City’s community support grants to be cut
Appeal Staff Writer
Carson City officials will cut community support grants by 10 percent this year, and at least one community nonprofit says it will make it more difficult for them to help all the people who come in the door.
The number of clients seeking drug and alcohol treatment at the Community Counseling Center rose by 10 percent during 2006.
“Even if funds don’t have to be cut, decisions have to be made about priorities,” said Mary Bryan, administrator of the center.
The most recent taxable sales figures illustrate city officials’ budget worries: November 2006 taxable sales of roughly $72.6 million, for example, were down by nearly 13 percent compared to those in November 2005.
Not only will the city cut back on the pool of available funds for nonprofits this year, no new recipients will be added to the list. Any who opt out of applying this year will offer even “more savings to the general fund,” said City Manager Linda Ritter.
Last year, supervisors gave $290,000 to more than a dozen nonprofits – $100,000 of which was for one-time expenses. This coming year’s total amount available will be $260,000.
Other recipients last year include Advocates to End Domestic Violence, Nevada Hispanic Services and Nevada Day Inc.
The nonprofits will be required to submit applications and discuss their requests with the supervisors before the amounts are determined and approved this spring. Some officials are adamant about continuing the oral presentations because it’s government money being awarded to private nonprofits.
“It’s a necessary part of the process,” said Supervisor Shelly Aldean.
The supervisors “prefer to have the recipients make presentations so the public can hear how the services are supporting the community,” she said.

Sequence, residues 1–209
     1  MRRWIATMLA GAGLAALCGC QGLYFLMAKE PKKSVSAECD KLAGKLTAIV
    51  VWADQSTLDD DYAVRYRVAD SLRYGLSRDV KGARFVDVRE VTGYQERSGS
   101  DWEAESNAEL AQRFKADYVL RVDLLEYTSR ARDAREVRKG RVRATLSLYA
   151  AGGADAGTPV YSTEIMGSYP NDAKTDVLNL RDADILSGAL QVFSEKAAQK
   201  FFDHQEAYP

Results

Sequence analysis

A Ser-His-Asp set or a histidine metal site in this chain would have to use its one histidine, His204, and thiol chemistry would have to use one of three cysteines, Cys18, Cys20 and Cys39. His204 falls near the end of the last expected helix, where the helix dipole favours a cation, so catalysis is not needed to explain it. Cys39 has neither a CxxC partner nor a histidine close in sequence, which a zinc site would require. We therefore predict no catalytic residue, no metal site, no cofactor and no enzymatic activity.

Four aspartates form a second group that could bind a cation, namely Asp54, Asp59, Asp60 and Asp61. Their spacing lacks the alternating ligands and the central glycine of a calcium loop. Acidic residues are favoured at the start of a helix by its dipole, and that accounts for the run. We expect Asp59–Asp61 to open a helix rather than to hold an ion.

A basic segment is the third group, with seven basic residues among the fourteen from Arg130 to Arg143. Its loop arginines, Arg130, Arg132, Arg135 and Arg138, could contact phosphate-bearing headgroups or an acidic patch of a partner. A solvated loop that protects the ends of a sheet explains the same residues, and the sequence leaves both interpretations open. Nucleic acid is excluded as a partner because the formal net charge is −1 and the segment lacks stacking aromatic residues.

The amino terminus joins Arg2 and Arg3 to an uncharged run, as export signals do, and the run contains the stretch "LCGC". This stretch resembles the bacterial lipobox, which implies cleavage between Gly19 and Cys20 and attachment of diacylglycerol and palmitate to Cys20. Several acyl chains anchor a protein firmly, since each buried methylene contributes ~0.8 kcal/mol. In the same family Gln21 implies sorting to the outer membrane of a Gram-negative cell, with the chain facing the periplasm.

The Community Counseling Center received $55,000 from the grant program last year.
It was an $8,000 increase over the previous year, but another grant source amount ended up smaller, resulting in the effect being “canceled out,” Bryan said.
Donations are important in keeping the center going. It “struggles to find funding,” for substance-abuse programs that require about $1 million a year to operate, she said.
Bryan is completing a report about the center and its activities for 2006. For example, plans to open a transitional living facility were put on hold because the center “is not financially in a position to undertake this type of project at this time,” her report states.
“I don’t want to set a cap and say we can’t continue to treat people,” she said. “But if you can’t treat people when they want it, sometimes the opportunity goes away.”
The supervisors this spring will consider how funds are awarded.
• Contact reporter Terri Harber at email@example.com or 882-2111, ext. 215.
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